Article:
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Wyoming AgrAbility Project Helps Producers with Disabilities

State's extension program boosts ability to stay on the job.

May 21, 2007

1 Min Read

AgrAbility continues to provide education, networking and assistance to farmers, ranchers and agricultural workers facing physical disabilities that challenge their lives.

The federal program, authorized in the 1990 Farm Bill and reauthorized under that program in 2002, is working well in one of the most dangerous occupations, says University of Wyoming officials.

In Wyoming, the major industry with the highest nonfatal occupational injury and illness rate is agriculture. About 288,000 workers in the industry nationwide between the ages of 15 and 79 have a disability that affects their ability to perform one or more essential tasks, reports the UW Extension Service.

Last April, the UW Extension partnered with the Wyoming Institute for Disabilities on the UW campus in Laramie, Center for Rural Health Research and Education for the university system. Also involved are the Gottsche Rehabilitation Center in Thermopolis, Wyo., and the Wyoming Independent Living Rehabilitation, Inc., in Casper. Together, these organizations established the Wyoming AgrAbility program.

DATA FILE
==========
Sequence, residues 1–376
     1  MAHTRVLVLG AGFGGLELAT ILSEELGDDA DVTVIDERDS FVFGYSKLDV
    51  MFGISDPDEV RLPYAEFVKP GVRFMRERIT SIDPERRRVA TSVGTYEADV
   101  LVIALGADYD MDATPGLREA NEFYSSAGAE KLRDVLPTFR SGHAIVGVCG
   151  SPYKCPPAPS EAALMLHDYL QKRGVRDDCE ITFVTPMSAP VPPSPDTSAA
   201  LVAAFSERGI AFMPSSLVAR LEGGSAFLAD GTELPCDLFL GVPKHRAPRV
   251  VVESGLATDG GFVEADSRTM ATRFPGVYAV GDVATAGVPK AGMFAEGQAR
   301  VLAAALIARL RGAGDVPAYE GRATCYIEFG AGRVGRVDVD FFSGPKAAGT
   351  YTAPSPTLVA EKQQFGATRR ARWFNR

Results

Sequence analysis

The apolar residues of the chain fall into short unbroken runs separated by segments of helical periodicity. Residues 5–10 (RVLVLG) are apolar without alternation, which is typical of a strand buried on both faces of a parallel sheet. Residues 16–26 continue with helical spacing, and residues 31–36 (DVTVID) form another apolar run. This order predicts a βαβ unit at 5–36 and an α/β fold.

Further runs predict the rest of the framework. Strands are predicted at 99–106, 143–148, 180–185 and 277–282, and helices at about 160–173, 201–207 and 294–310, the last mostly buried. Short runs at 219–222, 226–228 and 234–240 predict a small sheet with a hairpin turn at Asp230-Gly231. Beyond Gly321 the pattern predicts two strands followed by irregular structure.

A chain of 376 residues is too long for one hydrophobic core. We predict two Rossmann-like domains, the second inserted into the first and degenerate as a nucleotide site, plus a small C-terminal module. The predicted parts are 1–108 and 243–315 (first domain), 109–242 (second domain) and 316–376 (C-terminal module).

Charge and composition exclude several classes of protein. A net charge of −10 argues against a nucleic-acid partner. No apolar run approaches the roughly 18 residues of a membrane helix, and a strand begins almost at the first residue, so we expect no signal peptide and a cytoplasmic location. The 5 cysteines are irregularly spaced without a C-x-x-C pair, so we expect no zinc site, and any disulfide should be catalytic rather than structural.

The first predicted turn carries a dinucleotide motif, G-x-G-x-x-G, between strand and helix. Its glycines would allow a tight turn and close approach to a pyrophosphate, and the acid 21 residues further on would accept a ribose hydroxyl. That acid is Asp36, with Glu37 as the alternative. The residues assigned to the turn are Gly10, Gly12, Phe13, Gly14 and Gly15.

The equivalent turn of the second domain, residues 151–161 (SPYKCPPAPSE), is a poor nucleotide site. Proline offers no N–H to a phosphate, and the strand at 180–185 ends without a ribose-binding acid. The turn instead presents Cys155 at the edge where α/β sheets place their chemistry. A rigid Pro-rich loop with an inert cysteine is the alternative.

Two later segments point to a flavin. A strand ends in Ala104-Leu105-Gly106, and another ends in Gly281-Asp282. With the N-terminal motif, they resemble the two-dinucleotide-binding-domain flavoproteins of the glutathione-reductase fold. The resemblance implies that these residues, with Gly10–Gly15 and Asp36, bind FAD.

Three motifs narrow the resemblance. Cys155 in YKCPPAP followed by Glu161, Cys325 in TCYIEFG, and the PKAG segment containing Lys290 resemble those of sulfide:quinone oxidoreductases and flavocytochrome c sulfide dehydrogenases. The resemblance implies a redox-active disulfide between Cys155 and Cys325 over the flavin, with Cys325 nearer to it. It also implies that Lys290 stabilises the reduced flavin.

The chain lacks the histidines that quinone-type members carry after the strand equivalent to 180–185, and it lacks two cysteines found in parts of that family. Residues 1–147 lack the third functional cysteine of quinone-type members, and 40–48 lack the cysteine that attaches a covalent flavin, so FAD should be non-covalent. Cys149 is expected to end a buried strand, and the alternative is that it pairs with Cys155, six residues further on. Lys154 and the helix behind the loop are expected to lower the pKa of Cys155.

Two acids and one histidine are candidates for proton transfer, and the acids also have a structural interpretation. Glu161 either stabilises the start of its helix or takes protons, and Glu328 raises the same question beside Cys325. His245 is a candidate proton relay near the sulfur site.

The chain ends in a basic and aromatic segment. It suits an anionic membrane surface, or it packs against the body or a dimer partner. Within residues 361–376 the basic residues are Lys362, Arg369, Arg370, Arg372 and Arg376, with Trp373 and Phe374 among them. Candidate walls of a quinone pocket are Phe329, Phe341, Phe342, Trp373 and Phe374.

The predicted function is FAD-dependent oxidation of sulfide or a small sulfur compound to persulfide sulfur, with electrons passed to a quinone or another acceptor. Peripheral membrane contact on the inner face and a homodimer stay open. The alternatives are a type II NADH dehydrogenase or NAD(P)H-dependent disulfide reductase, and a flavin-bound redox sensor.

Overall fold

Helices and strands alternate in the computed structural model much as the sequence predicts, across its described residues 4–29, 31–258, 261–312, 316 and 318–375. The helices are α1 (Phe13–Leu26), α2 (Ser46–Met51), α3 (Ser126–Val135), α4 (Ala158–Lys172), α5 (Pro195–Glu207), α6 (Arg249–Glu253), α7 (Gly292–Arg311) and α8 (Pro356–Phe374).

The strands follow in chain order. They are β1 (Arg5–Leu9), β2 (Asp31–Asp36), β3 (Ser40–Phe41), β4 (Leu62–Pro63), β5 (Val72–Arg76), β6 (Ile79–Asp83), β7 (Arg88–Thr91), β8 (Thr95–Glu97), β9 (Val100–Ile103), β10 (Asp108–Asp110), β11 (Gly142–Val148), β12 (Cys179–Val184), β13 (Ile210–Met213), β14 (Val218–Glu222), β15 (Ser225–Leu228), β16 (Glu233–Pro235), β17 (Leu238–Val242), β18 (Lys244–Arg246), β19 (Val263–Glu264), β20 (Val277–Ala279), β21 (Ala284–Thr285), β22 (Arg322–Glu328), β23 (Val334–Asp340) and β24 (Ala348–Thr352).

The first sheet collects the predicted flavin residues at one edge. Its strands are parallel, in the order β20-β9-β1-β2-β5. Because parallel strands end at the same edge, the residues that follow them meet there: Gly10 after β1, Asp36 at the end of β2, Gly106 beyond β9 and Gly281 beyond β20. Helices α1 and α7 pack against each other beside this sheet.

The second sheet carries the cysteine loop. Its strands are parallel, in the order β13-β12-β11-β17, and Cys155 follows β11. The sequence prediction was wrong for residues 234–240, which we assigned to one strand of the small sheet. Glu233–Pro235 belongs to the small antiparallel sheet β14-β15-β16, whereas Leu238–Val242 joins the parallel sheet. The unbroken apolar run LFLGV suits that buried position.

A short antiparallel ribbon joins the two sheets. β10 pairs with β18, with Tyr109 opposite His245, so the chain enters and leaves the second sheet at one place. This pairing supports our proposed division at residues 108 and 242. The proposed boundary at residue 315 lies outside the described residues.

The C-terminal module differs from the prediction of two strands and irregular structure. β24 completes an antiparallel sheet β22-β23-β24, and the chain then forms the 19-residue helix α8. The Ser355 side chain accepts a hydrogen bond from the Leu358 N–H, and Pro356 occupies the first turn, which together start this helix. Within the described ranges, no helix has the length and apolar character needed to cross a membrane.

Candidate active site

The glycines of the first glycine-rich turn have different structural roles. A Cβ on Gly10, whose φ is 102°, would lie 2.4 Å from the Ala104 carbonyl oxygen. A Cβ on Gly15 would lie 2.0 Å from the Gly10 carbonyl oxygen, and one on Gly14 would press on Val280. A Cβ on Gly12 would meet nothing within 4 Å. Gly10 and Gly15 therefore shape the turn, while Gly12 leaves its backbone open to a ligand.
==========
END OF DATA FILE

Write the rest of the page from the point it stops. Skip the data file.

The Wyoming AgrAbility project provides information and referral services, training for rural professionals, on-site technical assistance and assessments, education and peer-support networks. The services are all available to anyone connected with agriculture who has a disability, and includes family members. Disabilities included under the AgrAbility agenda include, but is not limited to, arthritis, heart disease, diabetes, spinal cord injuries, amputations, acquired brain injury, age-related conditions such as hearing and vision impairment, or disabilities present at birth.

If you or someone you know could benefit from this program, contact toll-free (866) 395-4986, send an e-mail to [email protected] or check out their Web site at www.uwyo.edu/agrability.

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